A cross-party group of MPs has piled pressure onto the government to use next week’s budget to implement greater tax incentives for electric vehicles just days after lobbyists for the automotive and green sectors did the same.
The group of over 40 MPs wrote to the chancellor Philip Hammond earlier this week calling for the 2% rate for benefit in kind company car tax, currently slated for 2020, to be brought forward by a year.
Currently, the rate is due to increase to 16% in 2019/20 before falling to the 2% rate, a delay that MPs say is discouraging those considering purchasing an EV and therefore slowing the rate of take-up.
In the letter from the office of Neil Parish, chair of the Environment, Food and Rural Affairs Select Committee, the MPs write: “Ensuring sufficient fiscal drivers are at the heart of Treasury policy is crucial if government is to realise the full potential of these agendas. The Budget provides the chance to do this – by driving positive and discouraging negative behaviours through clear fiscal incentives towards purchasing electric vehicles.”
Addressing Hammond directly, it adds: “We are calling on you to take this opportunity and work in closer partnership with industry to increase the number of electric vehicles in our constituencies by making this small change.”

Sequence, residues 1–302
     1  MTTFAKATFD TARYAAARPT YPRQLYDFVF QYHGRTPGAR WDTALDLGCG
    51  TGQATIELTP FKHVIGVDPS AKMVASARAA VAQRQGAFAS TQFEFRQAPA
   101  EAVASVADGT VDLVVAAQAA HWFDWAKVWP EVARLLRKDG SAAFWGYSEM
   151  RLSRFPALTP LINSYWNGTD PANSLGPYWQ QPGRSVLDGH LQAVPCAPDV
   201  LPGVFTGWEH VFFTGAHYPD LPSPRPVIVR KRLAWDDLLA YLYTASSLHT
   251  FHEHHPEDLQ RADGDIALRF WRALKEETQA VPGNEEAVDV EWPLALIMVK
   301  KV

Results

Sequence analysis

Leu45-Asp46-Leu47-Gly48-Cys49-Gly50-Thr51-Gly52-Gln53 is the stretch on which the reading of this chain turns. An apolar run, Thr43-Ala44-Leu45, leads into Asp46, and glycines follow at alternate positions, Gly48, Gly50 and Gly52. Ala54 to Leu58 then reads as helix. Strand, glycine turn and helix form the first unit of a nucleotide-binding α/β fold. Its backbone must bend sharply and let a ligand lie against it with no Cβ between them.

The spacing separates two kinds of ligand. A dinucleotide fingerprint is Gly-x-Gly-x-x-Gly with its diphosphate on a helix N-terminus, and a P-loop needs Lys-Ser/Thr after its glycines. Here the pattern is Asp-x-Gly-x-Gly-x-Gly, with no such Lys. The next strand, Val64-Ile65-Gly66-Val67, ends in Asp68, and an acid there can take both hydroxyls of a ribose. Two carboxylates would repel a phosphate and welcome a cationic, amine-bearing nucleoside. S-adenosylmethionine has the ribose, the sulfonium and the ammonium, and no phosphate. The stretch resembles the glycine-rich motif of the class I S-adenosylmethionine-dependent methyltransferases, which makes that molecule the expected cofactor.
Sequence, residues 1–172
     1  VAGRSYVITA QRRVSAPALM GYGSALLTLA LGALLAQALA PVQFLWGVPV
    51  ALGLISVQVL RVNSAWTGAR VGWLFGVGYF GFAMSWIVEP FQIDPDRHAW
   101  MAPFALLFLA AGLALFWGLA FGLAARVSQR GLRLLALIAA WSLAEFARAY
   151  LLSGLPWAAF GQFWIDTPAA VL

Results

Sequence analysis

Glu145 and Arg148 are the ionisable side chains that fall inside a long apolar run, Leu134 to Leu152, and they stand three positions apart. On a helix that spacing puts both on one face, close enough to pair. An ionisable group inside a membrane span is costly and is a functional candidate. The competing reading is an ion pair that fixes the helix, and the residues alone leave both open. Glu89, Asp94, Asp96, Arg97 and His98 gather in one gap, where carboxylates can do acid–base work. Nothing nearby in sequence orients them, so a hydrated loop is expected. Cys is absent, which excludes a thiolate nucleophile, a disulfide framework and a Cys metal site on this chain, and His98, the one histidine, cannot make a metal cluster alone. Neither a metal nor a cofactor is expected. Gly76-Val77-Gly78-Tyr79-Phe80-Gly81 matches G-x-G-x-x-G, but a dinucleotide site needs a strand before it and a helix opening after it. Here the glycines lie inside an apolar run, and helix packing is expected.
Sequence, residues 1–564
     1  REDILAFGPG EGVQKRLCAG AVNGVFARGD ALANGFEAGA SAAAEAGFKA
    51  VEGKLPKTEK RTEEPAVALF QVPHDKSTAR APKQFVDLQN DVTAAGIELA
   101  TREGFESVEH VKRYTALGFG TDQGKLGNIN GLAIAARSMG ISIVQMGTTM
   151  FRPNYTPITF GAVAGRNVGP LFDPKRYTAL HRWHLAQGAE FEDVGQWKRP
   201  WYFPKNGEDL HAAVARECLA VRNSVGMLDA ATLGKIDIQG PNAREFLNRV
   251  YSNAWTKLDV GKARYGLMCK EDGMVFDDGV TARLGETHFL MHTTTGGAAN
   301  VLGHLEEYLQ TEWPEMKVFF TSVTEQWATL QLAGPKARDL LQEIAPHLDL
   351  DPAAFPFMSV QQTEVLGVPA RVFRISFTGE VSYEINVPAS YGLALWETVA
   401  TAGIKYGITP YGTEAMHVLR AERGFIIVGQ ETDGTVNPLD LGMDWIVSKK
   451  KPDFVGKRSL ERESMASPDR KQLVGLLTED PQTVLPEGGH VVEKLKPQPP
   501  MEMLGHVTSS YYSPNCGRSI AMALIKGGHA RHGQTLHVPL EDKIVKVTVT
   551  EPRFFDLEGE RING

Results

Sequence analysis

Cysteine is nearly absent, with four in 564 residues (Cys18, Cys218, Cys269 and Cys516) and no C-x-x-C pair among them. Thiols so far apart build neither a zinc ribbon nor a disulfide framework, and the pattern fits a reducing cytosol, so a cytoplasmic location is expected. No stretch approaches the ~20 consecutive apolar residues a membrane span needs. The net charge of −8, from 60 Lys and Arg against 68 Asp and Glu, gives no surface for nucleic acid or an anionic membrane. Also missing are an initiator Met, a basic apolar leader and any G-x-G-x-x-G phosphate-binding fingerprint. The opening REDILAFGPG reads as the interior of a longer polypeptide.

The letter came just days after identical calls from the likes of the AA, the Association of Car Fleet Operators, the British Vehicle Rental and Leasing Association (BVRLA), RAC and green groups like the Renewable Energy Association and Green Alliance.
“As businesses make decisions today on what cars to introduce to their employees – a decision which will serve them for the next 3-5 years – the current climbing BIK rate (peaking at 16% next year) has proven a barrier to the uptake of electric vehicles.
“We recommend that the right tax incentives must be in place now to enable UK businesses to make cleaner and greener vehicle choices today, not tomorrow. Only by doing so, can the government achieve its ambition to lead the way on the journey to zero emissions,” the groups’ letter states.
Both letters emphasise the commitment being made by the vehicle rental and leasing industry to increase the number of plug-in vehicles from 50,000 today, to 720,000 by 2025, and echo calls from the BEIS select committee to “bring forward the introduction of preferential rates on company car tax without delay”.
BVRLA chief executive Gerry Keaney said: “Last week the BEIS Select Committee made clear in its report about driving the transition to electric vehicles that time is of the essence if government is serious about the UK leading the transition to zero emission.
“The whole automotive industry is speaking with one voice on this, and we are pleased to see that Parliamentarians from across all parties are supportive of our calls. We can now only hope that on Budget day, the chancellor will support our collective voice of reason and take the right steps to create a tax system that incentivises the uptake of zero-emission vehicles, rather than one than prevents progress.”
The latest calls follow those from the likes of Aviva, Energy UK, housebuilder Willmott Dixon and Sky who last month said the current schedule of benefit in kind taxation offers a “cliff-edge that is disincentivising zero-emission uptake before 2020/21”.